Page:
18 August 2016

Assumpta est

A recent author of a comment on this blog very reasonably argued that Pius XII, if we perform a holistic reading of Munificentissimus Deus and apply a hermeneutic of Continuity, actually does teach that our blessed Lady died. The very same day, I received an intelligent email from a friend who found it repugnant to imagine that she could have been dead, even for a moment. One can, indeed, argue that the restraint of the actual Definition is laudable for not imposing beyond what is necessary upon either 'side'. Fair enough. I am no Torquemada.

But I would add the following: the lex orandi should help us to constitute the lex credendi (I am not too sure what I think about a proposal of Pius XII that this venerable tag operates both ways round). And this suggests to me a massive bias towards the immemorial assumptions of the common ancient traditions of East and West as found in their liturgies. And why should this symphonesis be a problem rather than a source of joy?

And I will repeat a point I made originally: that, as a result of the apophaticism of the Definition, the originally common traditions of East and West have de facto disappeared from the consciousness of the West. Can this really be a matter for denial? It is easy to get the impression that the Western Church regards the old apocryphal stories of the death, burial, and Assumption of our Lady with suspicion; as being rather dubious and 'medieval' and politically incorrect 'folk religion'. Indeed, they are not canonical Scripture. But our ignorance of them means that we can see a medieval alabaster, or mural, of the Assumption - or a Byzantine ikon of the Dormition - and not have the faintest idea what on earth they are all about. Why is that man shown on the Ikon with his hands chopped off? Why did the priest after Mass/Liturgy this morning bless and give flowers to the congregation?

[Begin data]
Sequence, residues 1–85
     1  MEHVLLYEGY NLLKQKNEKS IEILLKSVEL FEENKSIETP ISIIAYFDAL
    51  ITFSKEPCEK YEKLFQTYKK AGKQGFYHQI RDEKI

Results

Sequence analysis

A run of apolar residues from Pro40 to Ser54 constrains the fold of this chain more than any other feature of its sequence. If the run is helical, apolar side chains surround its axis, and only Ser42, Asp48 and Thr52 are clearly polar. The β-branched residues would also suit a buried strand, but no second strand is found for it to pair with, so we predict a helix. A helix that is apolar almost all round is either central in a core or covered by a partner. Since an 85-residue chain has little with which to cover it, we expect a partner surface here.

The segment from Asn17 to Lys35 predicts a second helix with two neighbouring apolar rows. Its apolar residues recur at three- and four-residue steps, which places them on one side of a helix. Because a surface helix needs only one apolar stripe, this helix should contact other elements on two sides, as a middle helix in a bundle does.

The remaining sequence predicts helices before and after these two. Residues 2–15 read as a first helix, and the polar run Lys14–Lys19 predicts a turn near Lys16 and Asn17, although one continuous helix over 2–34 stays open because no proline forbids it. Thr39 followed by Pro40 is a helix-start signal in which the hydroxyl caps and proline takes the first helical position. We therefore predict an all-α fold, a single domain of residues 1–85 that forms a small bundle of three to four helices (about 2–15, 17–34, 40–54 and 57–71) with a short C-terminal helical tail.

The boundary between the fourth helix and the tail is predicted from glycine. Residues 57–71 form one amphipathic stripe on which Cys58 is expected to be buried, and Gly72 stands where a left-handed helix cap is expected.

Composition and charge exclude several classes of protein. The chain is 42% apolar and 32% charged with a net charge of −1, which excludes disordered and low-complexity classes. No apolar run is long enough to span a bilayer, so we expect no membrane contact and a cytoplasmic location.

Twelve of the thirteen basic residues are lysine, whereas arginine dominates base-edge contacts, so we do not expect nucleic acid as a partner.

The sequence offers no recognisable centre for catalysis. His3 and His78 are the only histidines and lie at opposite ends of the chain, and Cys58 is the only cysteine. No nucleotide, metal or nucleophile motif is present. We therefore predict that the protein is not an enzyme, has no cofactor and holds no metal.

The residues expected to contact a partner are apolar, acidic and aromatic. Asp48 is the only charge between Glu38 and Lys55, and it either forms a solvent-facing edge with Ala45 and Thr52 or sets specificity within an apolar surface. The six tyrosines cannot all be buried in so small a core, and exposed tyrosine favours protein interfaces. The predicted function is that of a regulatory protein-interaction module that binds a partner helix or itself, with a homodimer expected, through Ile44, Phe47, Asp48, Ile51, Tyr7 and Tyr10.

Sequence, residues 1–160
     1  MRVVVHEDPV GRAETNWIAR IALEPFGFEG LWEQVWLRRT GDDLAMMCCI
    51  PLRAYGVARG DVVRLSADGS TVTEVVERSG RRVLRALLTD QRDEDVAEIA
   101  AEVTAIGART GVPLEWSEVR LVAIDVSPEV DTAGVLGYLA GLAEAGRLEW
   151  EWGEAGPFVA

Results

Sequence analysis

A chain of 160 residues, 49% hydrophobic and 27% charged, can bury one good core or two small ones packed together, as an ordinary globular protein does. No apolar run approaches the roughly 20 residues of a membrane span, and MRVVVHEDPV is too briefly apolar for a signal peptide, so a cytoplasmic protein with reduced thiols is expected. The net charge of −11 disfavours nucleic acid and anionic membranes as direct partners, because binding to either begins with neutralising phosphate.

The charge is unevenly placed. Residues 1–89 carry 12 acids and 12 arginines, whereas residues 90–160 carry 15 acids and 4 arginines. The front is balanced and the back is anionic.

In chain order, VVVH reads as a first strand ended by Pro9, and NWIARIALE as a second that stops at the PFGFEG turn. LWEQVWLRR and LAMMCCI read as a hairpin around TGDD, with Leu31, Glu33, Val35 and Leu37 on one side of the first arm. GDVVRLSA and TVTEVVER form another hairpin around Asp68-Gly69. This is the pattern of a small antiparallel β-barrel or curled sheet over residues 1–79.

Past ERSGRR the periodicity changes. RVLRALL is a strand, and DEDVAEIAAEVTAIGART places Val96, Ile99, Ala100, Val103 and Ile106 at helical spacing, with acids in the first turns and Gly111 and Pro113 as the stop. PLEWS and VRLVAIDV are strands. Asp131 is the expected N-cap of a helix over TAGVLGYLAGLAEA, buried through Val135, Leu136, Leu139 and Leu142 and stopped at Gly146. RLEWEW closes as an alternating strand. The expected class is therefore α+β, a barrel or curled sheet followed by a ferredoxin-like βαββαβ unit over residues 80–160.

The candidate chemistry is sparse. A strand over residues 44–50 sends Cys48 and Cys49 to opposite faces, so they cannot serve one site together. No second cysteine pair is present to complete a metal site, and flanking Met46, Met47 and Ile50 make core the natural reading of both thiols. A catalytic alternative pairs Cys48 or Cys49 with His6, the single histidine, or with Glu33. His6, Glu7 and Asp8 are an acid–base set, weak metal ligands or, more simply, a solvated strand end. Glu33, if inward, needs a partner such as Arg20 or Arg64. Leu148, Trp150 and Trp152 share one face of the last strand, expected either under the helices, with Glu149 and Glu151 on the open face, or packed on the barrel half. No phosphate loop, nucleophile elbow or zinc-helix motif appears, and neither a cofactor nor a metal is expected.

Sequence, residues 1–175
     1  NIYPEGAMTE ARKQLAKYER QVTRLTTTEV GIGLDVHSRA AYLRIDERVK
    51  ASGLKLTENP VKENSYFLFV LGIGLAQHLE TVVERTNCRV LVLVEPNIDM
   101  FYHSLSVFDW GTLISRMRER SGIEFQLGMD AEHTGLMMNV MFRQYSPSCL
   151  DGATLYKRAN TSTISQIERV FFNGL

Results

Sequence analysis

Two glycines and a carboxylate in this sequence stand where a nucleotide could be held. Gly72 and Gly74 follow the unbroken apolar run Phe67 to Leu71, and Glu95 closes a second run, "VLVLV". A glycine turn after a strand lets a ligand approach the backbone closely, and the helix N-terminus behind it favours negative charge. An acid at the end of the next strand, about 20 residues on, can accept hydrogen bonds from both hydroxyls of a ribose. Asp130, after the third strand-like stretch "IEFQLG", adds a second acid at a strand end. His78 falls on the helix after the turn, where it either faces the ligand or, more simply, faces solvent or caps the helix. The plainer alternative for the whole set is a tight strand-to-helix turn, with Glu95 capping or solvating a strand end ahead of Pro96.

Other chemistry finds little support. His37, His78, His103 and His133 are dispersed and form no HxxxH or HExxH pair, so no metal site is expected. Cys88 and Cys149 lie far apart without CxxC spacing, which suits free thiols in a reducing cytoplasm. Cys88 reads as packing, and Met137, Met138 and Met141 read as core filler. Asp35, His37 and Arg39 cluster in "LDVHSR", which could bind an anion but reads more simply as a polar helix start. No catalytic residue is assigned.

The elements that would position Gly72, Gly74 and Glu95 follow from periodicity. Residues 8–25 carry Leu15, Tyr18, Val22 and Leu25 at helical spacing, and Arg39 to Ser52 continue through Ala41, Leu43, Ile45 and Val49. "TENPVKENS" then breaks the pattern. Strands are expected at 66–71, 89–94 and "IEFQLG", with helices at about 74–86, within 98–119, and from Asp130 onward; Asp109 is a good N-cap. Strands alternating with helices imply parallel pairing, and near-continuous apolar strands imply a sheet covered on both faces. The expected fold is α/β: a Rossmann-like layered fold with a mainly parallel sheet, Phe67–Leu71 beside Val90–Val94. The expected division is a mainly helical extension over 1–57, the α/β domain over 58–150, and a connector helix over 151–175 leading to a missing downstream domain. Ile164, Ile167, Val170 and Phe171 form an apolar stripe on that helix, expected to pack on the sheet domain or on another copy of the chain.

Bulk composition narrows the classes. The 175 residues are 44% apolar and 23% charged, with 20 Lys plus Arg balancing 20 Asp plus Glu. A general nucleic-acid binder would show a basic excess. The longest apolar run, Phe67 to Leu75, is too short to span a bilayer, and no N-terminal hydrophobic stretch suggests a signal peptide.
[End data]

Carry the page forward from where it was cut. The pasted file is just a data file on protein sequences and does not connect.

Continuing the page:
I do not think it was wrong of me to discern something (in Ratzingerian terms) of a Rupture in Pius XII's Definition. Rather like those Conciliar formulae which were designed to be interpreted in different ways by different people! Rather like a certain recent Apostolic Exhortation which quoted Familiaris consortio ... and missed out half the paragraph! This sort of game has become all too tempting to the modern papal machine.

But, even if I was wrong, I suggest that we revisit these stories, even if only to enrich our capacities for perception and comprehension in the field of Christian archaeology and Art History!!

SO ... If you, happily, possess a pre-1950s Breviary, you could have a look at the Mattins readings for today, the IVth Day within the Octave of the Assumption. Otherwise, google your way to (pseudo-)Joseph of Arimathea The Passing of the Blessed Virgin Mary.


mark wauck said...

Father, I think you're right to related these matters concerning the Assumption to issues raised by Vatican II as well as by even more recent developments in the Church. What it points to, IMO, is a very real need for clarity regarding what we mean by "tradition."